Veronica Murphy opened RICK RACK Textiles in Calgary, Alberta, Canada, in April 2019, but was not yet set up for e-commerce when the pandemic hit. She shut down her store for two weeks so she could set up online shopping.
Photo courtesy of Veronica Murphy.
When Veronica Murphy opened her fabric store, RICK RACK Textiles, last year, she did not rush to set up online shopping.
“I was fairly new to the sewing industry,” she explains. “I felt my team and I needed to learn the ropes before diving into e-commerce. I wanted to build my inventory and better understand the market.
“But the pandemic changed everything,” says the Calgary-based Murphy, whose sister store, STASH Lounge, sells yarn. “As soon as we closed our doors on March 17, we knew that e-commerce should be our immediate focus to weather the storm.”
Murphy is not alone among small retailers who quickly pivoted to e-commerce. For many, the quarantine was a now-or-never moment and they had to be fast and nimble to get on board, despite a learning curve that could be daunting. Also, the process often meant investing money in a new or upgraded website, a new computer, even photo equipment.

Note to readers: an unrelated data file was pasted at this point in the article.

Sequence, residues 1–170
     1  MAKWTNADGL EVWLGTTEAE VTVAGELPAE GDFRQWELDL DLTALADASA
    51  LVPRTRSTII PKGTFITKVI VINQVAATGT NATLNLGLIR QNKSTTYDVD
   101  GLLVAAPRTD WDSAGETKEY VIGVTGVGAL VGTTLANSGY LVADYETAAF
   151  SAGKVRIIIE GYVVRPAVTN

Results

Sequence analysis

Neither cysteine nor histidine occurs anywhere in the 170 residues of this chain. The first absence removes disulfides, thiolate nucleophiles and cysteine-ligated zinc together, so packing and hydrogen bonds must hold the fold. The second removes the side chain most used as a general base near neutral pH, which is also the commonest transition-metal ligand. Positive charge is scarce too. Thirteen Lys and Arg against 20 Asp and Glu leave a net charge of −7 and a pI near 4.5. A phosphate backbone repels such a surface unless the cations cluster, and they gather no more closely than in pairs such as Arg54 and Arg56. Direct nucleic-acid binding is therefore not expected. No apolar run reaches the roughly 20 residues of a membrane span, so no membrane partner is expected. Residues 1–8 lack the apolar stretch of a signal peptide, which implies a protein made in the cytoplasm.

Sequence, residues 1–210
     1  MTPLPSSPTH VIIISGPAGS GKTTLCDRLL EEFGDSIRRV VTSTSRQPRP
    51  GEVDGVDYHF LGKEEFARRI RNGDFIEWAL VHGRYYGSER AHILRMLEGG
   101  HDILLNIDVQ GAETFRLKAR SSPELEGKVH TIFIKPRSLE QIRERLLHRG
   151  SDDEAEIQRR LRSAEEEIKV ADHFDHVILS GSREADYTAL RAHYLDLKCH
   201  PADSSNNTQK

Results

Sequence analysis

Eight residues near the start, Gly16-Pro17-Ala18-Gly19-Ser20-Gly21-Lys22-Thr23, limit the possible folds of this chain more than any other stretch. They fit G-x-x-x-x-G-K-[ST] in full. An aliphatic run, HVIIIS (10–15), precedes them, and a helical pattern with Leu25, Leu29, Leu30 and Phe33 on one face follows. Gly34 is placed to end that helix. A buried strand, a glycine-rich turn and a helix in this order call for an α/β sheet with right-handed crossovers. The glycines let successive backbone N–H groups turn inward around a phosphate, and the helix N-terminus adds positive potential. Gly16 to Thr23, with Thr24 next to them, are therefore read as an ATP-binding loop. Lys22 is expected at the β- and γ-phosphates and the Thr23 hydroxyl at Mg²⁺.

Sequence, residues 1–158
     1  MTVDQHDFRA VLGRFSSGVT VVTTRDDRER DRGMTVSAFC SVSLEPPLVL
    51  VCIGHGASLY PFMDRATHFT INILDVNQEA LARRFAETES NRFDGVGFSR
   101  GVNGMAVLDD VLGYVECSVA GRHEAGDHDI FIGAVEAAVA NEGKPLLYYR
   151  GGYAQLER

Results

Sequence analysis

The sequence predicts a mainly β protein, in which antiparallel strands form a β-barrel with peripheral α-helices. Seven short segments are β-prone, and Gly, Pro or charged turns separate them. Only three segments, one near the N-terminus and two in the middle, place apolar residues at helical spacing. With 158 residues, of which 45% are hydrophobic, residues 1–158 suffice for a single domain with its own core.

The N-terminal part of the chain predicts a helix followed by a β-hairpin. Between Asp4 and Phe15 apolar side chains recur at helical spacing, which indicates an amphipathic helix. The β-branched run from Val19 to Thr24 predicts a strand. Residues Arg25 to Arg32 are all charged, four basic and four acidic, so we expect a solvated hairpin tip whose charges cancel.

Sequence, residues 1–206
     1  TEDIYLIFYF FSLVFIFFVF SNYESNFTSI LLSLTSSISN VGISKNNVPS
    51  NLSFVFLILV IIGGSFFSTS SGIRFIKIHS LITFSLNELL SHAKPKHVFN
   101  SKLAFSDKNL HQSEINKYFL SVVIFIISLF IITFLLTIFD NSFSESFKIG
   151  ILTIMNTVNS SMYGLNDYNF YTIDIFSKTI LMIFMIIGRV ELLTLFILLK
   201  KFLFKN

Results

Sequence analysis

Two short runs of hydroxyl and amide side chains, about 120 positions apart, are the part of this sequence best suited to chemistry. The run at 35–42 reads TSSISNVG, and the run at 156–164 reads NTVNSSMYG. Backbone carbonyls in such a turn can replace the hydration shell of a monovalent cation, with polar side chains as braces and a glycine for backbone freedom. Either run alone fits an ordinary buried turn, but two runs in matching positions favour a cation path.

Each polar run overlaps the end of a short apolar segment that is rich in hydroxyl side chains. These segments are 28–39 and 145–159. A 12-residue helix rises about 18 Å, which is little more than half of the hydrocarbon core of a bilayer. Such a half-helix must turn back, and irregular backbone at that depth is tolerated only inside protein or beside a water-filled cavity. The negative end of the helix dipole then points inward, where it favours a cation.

Dressew Supply Ltd., a 59-year-old family fabric business in Vancouver, “never had time for e-commerce,” says company president David McKie. “Only when our store closed did we have time to stop and actually set up a website with e-commerce.”
In about two weeks, Dressew had joined Shopify, bought a new laptop and camera, and uploaded more than 4,000 SKUs. “It was a little scary at first, and a lot of work.”
Kelly Momsen of Yarnology in Winona, MN, also moved fast. Momsen and partner Gaby Peterson opened Yarnology in 2010 and never wanted to sell online. They had updated their website right before the shut-down, but in order to integrate their POS system with Shopify, they needed a new computer hard drive, “which is expensive,” says Momsen, who received a $1,000 grant to help cover the cost.
“Adjusting inventory and not having the POS and website syncing together was a drag,” Momsen recalls.
Pivoting to Etsy
North Carolina bookbinder and papermaker Jackie Radford always preferred selling her handmade products to retail vendors such as boutiques and galleries, rather than selling direct to consumers.
“My sweet spot is making stuff and letting other people sell it,” says Radford, who also teaches classes at the Daniel Stowe Botanical Garden in Belmont, NC. “I’m happy to split the money with somebody who will market, sell, and talk to people for me.”
But when retail shops closed, “my income dropped to zero and I had to pivot to online,” which for her was Etsy.